John Bunker
John Bunker
Wessaweskeag Historical Society will present “The Apples of South Thomaston: Tracking Down and Preserving Our Orchard Heritage,” a talk by John Bunker at its meeting on Thursday, October 12, in the society’s meeting room, just behind South Thomaston Library at the corner of Route 73 and Dublin Road. A potluck supper will take place at 6 p.m. and the program will start at 7:00.

Bunker has lived in Palermo for 44 years, operating Super Chilly Farm and growing vegetables, woody and herbaceous ornamentals, small fruits and tree fruits. His passion is tracking down heirloom fruit varieties, particularly those in Maine.

This year was the bicentennial of the Little Red Schoolhouse in South Thomaston. With a nod to the idea of “an apple for the teacher,” Bunker and members of Wessaweskeag Historical Society set out on September 9 to look for the oldest apple trees in the village. The results of that day’s search will be discussed during the presentation. People are invited to bring along apples from the trees in their yards for identification.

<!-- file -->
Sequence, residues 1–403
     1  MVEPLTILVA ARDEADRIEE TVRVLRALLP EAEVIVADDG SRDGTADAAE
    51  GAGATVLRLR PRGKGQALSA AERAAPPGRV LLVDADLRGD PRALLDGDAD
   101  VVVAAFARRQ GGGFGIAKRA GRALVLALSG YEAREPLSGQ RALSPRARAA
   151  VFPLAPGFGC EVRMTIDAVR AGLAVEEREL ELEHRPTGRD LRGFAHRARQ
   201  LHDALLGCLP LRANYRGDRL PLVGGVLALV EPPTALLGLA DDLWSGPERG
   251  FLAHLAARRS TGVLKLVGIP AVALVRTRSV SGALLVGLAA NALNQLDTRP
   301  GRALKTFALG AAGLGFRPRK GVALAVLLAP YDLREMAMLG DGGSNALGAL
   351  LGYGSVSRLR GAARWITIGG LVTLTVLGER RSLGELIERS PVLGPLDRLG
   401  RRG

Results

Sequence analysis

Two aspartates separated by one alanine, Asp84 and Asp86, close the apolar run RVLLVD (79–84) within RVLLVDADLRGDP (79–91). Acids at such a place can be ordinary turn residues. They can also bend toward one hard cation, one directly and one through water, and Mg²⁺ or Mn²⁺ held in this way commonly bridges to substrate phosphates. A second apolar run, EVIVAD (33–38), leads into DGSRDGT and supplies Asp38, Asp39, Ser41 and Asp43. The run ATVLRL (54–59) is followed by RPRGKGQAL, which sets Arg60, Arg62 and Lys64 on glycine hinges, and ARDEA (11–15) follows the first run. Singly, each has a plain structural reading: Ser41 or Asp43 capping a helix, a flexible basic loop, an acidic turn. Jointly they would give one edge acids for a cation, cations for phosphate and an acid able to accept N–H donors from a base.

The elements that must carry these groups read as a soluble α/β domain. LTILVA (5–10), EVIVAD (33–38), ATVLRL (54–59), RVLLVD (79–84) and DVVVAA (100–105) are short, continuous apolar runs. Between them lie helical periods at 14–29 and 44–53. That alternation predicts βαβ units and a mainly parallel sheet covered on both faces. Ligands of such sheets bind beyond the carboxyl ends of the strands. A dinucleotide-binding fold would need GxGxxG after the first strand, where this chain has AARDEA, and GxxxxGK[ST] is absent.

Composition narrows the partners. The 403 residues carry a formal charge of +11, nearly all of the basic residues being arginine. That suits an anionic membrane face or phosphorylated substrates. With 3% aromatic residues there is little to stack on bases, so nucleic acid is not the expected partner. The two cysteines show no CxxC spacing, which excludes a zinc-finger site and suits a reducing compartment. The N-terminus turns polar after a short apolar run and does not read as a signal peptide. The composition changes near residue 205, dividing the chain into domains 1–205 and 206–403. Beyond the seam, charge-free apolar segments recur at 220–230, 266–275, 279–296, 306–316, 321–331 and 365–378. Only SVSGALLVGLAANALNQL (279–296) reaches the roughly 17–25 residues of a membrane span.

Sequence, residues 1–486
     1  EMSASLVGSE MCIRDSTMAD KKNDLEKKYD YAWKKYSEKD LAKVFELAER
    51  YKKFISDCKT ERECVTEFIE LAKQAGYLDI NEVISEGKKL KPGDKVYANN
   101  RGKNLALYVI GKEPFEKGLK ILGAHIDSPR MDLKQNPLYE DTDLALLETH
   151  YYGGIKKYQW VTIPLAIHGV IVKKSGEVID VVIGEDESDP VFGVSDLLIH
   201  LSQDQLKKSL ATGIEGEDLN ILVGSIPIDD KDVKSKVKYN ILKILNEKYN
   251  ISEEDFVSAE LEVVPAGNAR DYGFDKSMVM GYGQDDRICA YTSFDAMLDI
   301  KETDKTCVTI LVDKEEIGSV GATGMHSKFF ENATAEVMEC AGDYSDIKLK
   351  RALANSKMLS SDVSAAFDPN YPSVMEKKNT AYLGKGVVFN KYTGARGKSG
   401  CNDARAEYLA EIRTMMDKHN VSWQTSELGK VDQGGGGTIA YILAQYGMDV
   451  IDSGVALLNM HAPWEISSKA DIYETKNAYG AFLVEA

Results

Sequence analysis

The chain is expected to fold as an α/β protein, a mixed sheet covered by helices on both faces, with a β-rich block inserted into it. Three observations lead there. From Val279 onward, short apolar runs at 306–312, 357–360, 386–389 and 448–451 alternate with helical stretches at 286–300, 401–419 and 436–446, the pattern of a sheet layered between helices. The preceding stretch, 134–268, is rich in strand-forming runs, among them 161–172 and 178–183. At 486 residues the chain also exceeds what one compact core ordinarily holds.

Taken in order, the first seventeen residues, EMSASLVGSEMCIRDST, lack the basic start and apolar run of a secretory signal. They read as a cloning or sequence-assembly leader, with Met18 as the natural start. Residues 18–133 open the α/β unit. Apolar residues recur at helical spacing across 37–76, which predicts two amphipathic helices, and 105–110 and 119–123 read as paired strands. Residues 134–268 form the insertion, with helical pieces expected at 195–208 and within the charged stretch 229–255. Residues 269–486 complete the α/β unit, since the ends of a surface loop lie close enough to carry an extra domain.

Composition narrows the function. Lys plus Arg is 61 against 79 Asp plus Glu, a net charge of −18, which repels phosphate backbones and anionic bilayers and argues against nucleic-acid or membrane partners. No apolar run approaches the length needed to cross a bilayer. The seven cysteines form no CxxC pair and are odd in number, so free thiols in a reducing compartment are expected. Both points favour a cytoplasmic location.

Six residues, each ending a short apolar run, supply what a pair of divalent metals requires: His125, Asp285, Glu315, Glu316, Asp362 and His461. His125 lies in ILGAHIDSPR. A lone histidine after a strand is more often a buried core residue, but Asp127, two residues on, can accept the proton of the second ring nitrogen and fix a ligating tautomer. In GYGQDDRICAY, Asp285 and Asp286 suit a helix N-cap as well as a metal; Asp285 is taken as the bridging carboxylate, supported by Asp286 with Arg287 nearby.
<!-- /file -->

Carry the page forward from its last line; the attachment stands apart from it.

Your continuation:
Bunker established Maine Organic Farmers and Gardeners Association (MOFGA)’s Maine Heritage Orchard in Unity, which currently is home to 300 historic apples and pears. He speaks and teaches throughout New England, and in 2007 published “Not Far from the Tree: A Brief History of the Apples and Orchards of Palermo, Maine.”